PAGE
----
By Angela Loavenbruck, Ed.D.
Trying to understand the various contributors to the commoditization of audiology practice has led me in a number of different directions. Most recently I interviewed a number of AuD students about their academic and rotation experiences with private practice. This week, after publication of the 2015 US News and World Report Best Hospitals edition, I wanted to understand whether audiology departments in these award winning hospitals were experiencing the same pressures from commoditization as those of us in private practice. I also wanted to compare the everyday work experience of hospital based audiologists to those in private practice.
I interviewed eight audiology directors whose hospitals were in the Top 15 in the US News report. I asked questions about autonomy, relationships with otolaryngology and administration, working conditions, case loads, continuity of care, standard procedures in hearing aid evaluation and dispensing, turnover, pay scale and job satisfaction.
There was considerable variation in the administrative structure of audiology services in these institutions. Some were considered independent Divisions of Audiology and had equal standing with other medical divisions, such as the Division of Head and Neck Surgery, the Division of Otolaryngology, etc.
Audiologists who were Division Directors often had audiology directors of departments within the audiology division who reported to them. Others were considered departments within the Division of Otolaryngology and reported to the Chief of ENT.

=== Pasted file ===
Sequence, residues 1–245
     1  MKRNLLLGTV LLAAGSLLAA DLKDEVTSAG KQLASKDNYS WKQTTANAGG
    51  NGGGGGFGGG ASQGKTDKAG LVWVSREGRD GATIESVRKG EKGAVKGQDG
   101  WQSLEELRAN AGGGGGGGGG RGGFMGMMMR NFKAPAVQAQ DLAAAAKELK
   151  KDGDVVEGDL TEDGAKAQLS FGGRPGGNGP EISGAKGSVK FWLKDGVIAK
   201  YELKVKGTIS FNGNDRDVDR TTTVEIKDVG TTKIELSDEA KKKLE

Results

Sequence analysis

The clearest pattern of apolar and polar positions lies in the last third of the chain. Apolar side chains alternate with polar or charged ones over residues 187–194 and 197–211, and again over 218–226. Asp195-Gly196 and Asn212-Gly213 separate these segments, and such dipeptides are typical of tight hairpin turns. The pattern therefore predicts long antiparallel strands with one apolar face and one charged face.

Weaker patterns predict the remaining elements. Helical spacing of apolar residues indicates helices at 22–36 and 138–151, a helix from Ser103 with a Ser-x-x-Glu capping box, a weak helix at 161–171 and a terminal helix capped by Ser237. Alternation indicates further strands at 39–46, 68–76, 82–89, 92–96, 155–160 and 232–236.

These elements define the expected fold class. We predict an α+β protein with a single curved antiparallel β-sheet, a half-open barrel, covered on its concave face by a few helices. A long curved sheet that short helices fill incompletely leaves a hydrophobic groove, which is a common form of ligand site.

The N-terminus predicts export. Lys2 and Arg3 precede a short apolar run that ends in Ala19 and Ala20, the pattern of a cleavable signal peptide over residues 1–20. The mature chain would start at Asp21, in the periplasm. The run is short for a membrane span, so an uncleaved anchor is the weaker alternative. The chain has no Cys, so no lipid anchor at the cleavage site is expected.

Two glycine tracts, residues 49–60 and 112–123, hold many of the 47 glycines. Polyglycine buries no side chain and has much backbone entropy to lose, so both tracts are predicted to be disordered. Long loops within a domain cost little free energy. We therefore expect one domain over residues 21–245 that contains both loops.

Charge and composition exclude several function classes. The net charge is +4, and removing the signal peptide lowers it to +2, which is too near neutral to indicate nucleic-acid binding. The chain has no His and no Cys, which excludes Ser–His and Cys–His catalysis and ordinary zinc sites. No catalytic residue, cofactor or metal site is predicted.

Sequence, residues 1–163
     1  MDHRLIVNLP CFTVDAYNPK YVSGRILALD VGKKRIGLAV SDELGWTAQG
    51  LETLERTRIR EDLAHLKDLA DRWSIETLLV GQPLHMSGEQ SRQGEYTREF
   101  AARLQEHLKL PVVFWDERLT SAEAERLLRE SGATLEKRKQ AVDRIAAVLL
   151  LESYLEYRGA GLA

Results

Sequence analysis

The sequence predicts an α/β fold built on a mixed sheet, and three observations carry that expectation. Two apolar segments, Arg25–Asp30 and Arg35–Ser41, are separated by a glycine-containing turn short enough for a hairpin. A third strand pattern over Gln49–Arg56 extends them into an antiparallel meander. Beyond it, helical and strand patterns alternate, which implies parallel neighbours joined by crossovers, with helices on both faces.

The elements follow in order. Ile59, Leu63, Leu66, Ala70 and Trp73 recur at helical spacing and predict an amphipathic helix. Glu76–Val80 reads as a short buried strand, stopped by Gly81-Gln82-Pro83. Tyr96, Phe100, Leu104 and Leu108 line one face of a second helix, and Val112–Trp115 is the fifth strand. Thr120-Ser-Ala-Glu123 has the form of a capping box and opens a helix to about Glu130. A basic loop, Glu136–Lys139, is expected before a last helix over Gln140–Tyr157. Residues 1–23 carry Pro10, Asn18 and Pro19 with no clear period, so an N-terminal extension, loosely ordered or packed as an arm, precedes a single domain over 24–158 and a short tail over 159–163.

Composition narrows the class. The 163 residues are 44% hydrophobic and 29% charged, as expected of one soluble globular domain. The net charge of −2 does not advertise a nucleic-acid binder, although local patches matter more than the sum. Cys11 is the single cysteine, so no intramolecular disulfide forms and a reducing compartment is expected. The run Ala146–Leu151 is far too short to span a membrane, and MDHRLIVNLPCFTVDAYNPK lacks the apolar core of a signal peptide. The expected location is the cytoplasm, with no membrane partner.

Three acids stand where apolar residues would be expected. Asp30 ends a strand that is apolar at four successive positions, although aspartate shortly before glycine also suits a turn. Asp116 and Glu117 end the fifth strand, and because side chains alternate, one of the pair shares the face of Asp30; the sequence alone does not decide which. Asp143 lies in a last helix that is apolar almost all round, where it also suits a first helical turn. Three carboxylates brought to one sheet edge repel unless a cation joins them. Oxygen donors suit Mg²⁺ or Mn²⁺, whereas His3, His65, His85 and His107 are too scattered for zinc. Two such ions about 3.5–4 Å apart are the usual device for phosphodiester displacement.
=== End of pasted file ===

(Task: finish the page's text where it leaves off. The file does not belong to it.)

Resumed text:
In a few hospitals there was no overall audiology director. Many of the hospitals had multiple audiology clinic sites both within the hospital and in various parts of the outside community. Regardless of the administrative structure, every director I spoke with reported that audiology functioned autonomously in their institutions.
Several expressed concern that non-medical administrators were going to impose unreasonable limitations on which hearing aid manufacturers could be used, for example, or on the amount of time that could be devoted to various clinical activities, without any input from audiology staff.
Many spoke of having equal, collegial and collaborative standing with their physician counterparts and of mutual respect for their various roles and competencies. However, in two instances, the audiologist reported that physician staff sometimes countermanded the audiologist’s recommendation for amplification, and that patients were more likely to follow the physician’s advice to delay treatment.
In institutions where Audiology had division status, there seemed to be more awareness of the impact of healthcare changes imposed by the Affordable Care Act and integrated health care initiatives on audiology services.
I was particularly impressed by several community hearing healthcare initiatives developed by audiology departments to expand the reach of audiology services to assisted living and nursing home populations.
My first step in contacting the audiology departments was to go the hospital website. Finding the audiology department was not always easy, and finding the names of the directors and the audiology staff was also difficult. In several instances, the only way to contact the audiology department was by calling an appointment line and asking to be connected to the audiology department.